Let’s face it – I can be a dick about music sometimes. No, really! I can be close-minded, insular, and outright mean about music that I haven’t even bothered to listen to, and most of the time I hate bands more on principle than on actual musical quality. I’ll be the first to admit it. I’ll slag off some band everybody likes based on my own half-baked conceptions of them, only to actually listen to them and shove my foot in my gaping mouth once I find out how much I enjoy their music. It’s… an affliction.
Case in point, ELO. Before hearing New World Record I viewed ELO as a bunch of stodgy, cocaine-fueled Beatles wannabes who shat out a trail of bloated concept albums in the late 70’s with big gay spaceships on the covers (y’know, before I bothered to listen to anything they’d ever recorded). And of course, I was completely wrong! Well, maybe not completely; yes, Jeff Lynne’s got a major Beatle-bone, and yes ELO was kinda bloated in terms of sound, and yes they had no problem slapping big gay Close Encounters spaceships on their album covers despite hardly ever writing songs about outer space. But New World Record is, for me, one big heaping slab of grade-A pop enjoyment.
Although I have to admit, I’m a little… embarrassed to admit that I enjoy NWR so much. Why? Well, it’s so goddamned Seventies. The production is wa-HAY over the top – strings, opera singers, synths, layers of guitar, processed vocals, you name it. More than one track on here sounds like the Bee Gees in full-on Studio 54 mode, so much so that visions of Peter Frampton in that shitty Sgt. Pepper’s movie might start dancing in your head. But no need to worry – ELO’s datedness comes off as more charming than anything else, and their whole “classical meets rock!” schtick is about a thousand times more fun than, say, Emerson Lake and Palmer’s take on it (Tarkus anybody?). Take the opening track here, “Tightrope,” for example: it starts off with layer upon layer of minor-key string flourishes, building up to a ridiculous crescendo that anticipates a high-falootin’ prog-rock epic but instead leads into a zippity Beatlesesque pop tune complete with hand-claps and “WHOOO!” backup chants. It’s a wonderful way to kick the album into gear, and it makes things clear to the listener that this is a pop album, not a prog album.
I guess that’s the mantra of New World Record: melody over art. “Tightrope” may be awash with strings, but they’re secondary to Jeff Lynne’s uppity melody, giving the song a dramatic push rather than overwhelming it with pretentiousness. The only song here that succumbs to silly prog cliches is “Mission (A World Record),” but even that’s got a pretty melody despite Jeff Lynne singing about space travel in a goofy wobbly voice (I guess those big gay spaceships DID mean something). The other songs here are arguably some of the finest pop creations of the mid-70’s, despite wearing their influences on their sleeves; “So Fine” reminds me of George Harrison circa All Things Must Pass, “Telephone Line” sounds like a lost Magical Mystery Tour ballad, and “Shangri-La” steals its title from a Kinks song (and sounds pretty Beatlesesque anyway). But they’re all great songs on their own merit.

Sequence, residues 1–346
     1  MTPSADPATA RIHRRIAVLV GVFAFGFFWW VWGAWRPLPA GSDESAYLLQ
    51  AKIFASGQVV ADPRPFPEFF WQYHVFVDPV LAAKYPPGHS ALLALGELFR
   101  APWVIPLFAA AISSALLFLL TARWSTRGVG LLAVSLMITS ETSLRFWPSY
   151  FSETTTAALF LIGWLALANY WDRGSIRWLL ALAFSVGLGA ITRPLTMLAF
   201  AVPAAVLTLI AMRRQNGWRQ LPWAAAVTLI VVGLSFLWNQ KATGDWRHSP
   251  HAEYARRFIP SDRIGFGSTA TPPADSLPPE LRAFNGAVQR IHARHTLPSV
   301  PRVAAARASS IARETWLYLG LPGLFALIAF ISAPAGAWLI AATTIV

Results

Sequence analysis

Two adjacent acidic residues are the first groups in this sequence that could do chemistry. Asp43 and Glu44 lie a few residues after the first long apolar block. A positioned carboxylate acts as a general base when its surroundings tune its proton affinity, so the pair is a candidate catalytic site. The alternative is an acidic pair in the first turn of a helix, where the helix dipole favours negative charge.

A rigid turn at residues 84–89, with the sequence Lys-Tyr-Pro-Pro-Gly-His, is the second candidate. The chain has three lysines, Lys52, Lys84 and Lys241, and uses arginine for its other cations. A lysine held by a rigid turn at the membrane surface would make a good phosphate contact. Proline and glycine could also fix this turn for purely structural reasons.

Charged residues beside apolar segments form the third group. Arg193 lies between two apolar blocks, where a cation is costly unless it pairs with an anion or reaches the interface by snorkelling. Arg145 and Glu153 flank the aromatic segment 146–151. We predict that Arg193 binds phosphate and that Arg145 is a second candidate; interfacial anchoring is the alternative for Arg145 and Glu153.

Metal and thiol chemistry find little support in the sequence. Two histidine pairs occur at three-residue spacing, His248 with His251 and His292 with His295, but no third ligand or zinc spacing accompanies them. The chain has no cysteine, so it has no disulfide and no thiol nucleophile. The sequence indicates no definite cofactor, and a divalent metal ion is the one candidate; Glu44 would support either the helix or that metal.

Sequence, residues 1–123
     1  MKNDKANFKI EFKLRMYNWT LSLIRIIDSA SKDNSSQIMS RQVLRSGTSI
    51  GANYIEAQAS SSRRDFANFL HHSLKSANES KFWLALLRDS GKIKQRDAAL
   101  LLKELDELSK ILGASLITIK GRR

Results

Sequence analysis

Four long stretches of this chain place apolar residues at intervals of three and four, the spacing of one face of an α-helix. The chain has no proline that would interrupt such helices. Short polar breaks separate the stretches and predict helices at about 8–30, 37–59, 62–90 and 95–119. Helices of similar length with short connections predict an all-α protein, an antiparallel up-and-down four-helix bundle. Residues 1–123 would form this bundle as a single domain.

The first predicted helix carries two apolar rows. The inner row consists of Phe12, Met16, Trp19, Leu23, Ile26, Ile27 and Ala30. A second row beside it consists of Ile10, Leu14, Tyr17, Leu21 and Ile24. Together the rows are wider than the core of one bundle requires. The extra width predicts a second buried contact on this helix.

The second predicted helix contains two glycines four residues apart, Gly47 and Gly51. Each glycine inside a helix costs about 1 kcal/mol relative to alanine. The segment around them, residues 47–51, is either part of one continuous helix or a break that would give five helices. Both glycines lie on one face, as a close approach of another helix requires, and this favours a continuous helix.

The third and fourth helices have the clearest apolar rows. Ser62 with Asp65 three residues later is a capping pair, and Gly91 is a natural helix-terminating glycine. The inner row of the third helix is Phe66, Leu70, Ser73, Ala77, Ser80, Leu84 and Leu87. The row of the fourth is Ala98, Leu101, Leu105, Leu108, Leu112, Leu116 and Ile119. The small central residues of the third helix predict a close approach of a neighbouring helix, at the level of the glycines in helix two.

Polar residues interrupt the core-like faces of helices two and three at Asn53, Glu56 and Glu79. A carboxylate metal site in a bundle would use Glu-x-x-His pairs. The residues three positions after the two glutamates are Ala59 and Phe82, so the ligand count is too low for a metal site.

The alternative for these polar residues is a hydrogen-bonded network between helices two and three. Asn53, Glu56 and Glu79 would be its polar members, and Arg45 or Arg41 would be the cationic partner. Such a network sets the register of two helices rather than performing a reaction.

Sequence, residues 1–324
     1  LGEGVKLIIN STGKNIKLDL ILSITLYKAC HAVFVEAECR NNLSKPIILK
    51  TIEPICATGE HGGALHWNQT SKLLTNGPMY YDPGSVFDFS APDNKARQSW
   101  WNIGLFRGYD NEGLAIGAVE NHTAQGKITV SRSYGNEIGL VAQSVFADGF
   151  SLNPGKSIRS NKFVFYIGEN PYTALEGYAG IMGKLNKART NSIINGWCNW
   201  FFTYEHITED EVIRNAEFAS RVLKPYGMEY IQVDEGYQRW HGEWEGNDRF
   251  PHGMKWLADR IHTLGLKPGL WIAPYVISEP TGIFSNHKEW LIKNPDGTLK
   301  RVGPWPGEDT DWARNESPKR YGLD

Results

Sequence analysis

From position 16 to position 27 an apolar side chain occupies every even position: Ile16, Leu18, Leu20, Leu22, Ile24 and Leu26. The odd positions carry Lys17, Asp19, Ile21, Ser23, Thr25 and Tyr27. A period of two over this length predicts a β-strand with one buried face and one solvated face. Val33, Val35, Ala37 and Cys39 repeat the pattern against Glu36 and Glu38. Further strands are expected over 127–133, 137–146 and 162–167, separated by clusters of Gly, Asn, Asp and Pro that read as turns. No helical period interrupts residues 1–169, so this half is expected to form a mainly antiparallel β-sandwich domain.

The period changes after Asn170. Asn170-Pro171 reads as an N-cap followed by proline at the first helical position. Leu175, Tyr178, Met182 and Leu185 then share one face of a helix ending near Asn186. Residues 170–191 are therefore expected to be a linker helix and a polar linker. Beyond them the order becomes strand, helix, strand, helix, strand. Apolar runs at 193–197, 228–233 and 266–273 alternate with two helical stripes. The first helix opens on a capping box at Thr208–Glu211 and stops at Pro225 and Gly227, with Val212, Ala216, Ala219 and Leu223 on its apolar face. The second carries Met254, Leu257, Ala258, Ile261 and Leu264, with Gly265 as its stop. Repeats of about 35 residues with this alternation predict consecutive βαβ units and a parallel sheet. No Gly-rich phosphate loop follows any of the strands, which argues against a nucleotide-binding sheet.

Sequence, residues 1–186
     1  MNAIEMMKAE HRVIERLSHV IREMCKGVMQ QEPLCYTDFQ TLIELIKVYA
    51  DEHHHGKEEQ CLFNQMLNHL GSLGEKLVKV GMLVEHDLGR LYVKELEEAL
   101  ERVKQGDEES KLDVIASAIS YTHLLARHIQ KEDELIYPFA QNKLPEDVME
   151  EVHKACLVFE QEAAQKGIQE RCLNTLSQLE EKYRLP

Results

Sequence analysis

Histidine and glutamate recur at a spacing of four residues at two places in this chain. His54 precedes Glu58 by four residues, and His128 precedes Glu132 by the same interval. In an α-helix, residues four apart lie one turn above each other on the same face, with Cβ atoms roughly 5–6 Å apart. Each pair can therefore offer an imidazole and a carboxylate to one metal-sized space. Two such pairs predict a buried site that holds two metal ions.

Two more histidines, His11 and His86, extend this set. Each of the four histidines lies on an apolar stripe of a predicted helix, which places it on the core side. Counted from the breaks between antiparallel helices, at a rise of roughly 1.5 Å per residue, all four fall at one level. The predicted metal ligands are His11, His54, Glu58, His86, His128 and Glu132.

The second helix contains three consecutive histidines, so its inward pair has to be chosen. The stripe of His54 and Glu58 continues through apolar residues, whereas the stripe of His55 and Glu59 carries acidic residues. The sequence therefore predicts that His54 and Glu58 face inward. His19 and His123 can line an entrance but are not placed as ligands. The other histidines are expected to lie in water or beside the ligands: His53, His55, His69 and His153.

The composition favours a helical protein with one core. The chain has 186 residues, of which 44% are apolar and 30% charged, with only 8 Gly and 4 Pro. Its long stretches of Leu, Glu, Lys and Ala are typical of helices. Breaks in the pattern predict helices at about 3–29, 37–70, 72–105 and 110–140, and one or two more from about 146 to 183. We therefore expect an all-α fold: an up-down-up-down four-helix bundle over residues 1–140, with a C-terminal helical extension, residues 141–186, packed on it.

Now, while the pretty tracks here really are pretty, I’ve got kind of a soft spot for the more rockin’ tunes, if you can call them “rockin'”; I mean, this IS ELO, so even the more hard-edged numbers are a tad fruity. But man, I’ll be damned if I don’t love both “Do Ya,” a cover of an old Move chestnut Lynne wrote some years before, and “Rockaria!,” a borderline ridiculous amalgam of classical/opera flourishes and Chuck Berry jukebox rock. Both songs have the benefit of what I call Jeff Lynne’s “cartoon” voice – hyped up, shouty, ridiculous and absolutely hilarious, he completely abandons his sweet Paul McCartney vocalisms from “Telephone Line” in favor of cartoony camp. You can also tell that the guy has a decent sense of humor; on paper, “Rockaria!” sounds like the dumbest song ever recorded, with lyrics like “She’s sweet on Wagner / I think she’d die for Beethoven / She loves the way Puccini lays down a tune!” But man, it’s so over-the-top that you can’t help but get swept up in it. Not unlike classic Queen from the same era, ELO showcases the most ridiculous (and expensive-sounding) production techniques of the mid-70’s and has a blast with the grand theater of it all.
Really, New World Record took me totally by surprise, and I regret judging ELO so quickly. I’d call it a guilty pleasure, but there’s not that much to feel guilty about – there’s some seriously wonderful melody happening in this record, nothing that anybody should be ashamed of (okay so I feel a little guilty about “Rockaria!”, but you can’t blame me for that). Maybe I shouldn’t be TOO shocked; Jeff Lynne did produce and co-write most of Full Moon Fever, although I gave more credit to Tom Petty back then ‘cuz I didn’t know who the hell Jeff Lynne was – silly me! Oh well, no time to wallow in past grievances. I think I’ll put on “Rockaria!” one more time. Lord knows I need more songs about an orchestra playing Chuck Berry’s Greatest Tunes.
Now time to look back and count how many times I used the descriptor “Beatlesesque” in this review.